The snow is coming down again. There are only  two layers to the sky: closest, most turbulent, where you can distinguish the snowflakes; behind that  it, the trees dissecting the static grey zone. That’s where it ends, like we’re in a grey-walled, grey-ceilinged room.

There are more than two layers bearing down on the porch. Snowfall after snowfall, compressed and wind-sculpted, plus the icy melt from the roof above it, absorbed into it as by a sponge. The new snowfall is adding to this. We’re not sure if the roof can handle the extra weight.

Two feet now and counting. The messy tracks we made in the snow yesterday – snowball fight, writing with icicles, then some ice sculpting  with hammers and chisels – are but vague reminiscences. Down, down comes the sky and I am loving it.

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Last night, February 14, was a Full Moon (the Snow Moon) and the light was bright and magical on the snow. I always try to take pictures but my camera (or the camera woman) isn’t really up for it. Still, here are the best ones. There was no “lightening” done on these images. This is the kind of light you can read by. It casts sharp shadows, like here in my study:

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The path down the driveway. The snow is now almost two feet high:

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The neighbor’s house across is all lit up:

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We had a rough evening when, two weeks after our chicken Nocty died, one of Amie’s two parakeets also died – also unexplained. This one was harder for her to bear, because she feels responsible for the birds, who live in her room.

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This bird was rather  wild and would never let anyone hold her.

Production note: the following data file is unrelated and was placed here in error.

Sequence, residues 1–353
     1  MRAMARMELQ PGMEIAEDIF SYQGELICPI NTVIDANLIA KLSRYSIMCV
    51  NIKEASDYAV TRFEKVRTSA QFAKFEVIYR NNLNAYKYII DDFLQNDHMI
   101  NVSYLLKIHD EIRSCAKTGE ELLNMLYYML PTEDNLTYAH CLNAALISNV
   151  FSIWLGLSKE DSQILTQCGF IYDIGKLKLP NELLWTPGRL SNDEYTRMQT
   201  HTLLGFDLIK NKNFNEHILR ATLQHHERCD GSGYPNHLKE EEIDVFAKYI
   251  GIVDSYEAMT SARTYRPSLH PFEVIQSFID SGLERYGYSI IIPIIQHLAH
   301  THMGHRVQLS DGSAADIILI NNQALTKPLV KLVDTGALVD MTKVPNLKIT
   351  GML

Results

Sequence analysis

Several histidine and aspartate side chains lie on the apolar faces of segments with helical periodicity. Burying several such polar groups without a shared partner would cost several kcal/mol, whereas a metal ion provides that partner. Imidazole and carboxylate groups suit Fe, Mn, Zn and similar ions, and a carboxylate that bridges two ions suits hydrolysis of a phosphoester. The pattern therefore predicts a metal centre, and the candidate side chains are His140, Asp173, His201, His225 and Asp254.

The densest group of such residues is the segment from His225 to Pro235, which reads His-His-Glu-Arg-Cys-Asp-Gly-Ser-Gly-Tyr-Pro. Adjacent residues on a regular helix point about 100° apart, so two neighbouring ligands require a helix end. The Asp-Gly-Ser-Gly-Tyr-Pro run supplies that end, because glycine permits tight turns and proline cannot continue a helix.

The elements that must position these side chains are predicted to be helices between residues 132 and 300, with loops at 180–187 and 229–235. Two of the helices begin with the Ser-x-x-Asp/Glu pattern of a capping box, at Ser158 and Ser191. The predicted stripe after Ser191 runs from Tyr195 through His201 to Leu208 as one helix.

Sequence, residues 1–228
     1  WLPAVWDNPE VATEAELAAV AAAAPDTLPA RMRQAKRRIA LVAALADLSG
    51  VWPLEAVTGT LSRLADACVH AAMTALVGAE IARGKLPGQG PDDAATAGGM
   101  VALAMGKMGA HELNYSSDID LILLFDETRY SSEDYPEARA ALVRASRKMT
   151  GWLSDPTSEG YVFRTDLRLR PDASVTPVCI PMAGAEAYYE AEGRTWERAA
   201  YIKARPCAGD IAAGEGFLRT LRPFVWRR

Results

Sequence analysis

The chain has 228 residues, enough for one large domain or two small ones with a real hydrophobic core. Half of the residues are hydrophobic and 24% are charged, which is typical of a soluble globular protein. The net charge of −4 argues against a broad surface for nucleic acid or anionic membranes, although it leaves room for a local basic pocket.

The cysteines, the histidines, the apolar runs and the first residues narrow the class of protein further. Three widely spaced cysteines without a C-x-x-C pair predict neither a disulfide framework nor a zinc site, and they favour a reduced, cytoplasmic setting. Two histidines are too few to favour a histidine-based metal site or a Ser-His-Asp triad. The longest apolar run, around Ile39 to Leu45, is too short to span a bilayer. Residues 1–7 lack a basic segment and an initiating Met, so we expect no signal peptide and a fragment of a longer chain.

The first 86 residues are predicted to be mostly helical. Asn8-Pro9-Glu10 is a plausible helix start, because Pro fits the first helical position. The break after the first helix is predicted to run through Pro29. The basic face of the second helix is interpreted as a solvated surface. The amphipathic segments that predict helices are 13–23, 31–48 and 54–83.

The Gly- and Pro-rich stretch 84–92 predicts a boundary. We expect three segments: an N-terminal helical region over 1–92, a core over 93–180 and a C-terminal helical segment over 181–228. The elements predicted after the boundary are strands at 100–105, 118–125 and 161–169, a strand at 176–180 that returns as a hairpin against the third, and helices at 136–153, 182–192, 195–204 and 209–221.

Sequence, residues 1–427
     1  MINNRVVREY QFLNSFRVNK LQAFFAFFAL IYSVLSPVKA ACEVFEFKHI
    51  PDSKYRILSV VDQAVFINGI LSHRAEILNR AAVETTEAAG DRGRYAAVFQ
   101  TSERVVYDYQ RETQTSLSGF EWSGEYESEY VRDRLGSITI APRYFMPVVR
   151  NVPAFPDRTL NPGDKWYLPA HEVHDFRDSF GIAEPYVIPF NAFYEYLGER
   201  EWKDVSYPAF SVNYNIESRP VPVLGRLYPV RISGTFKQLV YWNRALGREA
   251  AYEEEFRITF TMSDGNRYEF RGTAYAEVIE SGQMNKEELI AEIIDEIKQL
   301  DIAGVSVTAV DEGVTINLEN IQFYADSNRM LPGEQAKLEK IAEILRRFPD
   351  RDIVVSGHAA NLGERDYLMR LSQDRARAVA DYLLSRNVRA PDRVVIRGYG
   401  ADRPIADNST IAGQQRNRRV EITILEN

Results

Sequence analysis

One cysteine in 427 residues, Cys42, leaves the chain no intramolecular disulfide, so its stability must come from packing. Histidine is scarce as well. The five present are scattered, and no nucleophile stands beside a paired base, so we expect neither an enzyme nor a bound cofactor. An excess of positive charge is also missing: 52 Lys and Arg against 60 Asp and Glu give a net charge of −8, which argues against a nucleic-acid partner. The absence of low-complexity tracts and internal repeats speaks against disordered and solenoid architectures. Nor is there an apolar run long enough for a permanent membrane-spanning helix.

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If you would like some music with this post,  I recommend Isakov’s 3 a.m., from which comes the following lyrics:

give me darkness when i’m dreaming, give me moonlight when i’m leaving
give me mustang horse and muscle, cuz i wont be goin gentle
give me slant-eye looks when i’m lying, give me fingers when i’m crying
and i aint out there to cheat you, see i killed that damn coyote in me…

.

One of the first papers I wrote for the professor of Kantian philosophy for whom I would eventually try to write a doctoral dissertation involved an attempt to give “the given” a place in Kant’s idealism. He discouraged me from pursuing this. For Kant the given is always already “the raw sensible manifold of intuitions,” always already in the framework of human perception. Ontology can only be epistemology. That’s all there is to it.

I wish I had found Paul Shepard‘s books then. Maybe I would have gone on to question Kant on this matter or to drop him as a subject of study altogether, instead of plodding on for years of growing discouragement and self-doubt eventually to let it chase me out of academics. But I doubt it. This road along which I found Shepard has been long and hard-won. And even if I had had the maturity to recognize what he was talking about back then, I doubt I would have accepted the consequence, that I would have had to ditch the entire paradigm in which I was studying and staying in this country. I would have had to take a stand, instead of studying others’ stands like a good student of the history of philosophy.